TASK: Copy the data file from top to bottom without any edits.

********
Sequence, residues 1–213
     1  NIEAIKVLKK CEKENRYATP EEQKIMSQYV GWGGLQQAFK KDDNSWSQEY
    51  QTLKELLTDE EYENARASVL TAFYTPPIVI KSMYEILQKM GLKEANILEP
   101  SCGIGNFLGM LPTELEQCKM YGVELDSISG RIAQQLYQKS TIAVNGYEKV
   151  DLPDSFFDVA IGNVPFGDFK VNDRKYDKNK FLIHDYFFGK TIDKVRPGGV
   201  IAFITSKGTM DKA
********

Sequence, residues 1–213
     1  NIEAIKVLKK CEKENRYATP EEQKIMSQYV GWGGLQQAFK KDDNSWSQEY
    51  QTLKELLTDE EYENARASVL TAFYTPPIVI KSMYEILQKM GLKEANILEP
   101  SCGIGNFLGM LPTELEQCKM YGVELDSISG RIAQQLYQKS TIAVNGYEKV
   151  DLPDSFFDVA IGNVPFGDFK VNDRKYDKNK FLIHDYFFGK TIDKVRPGGV
   201  IAFITSKGTM DKA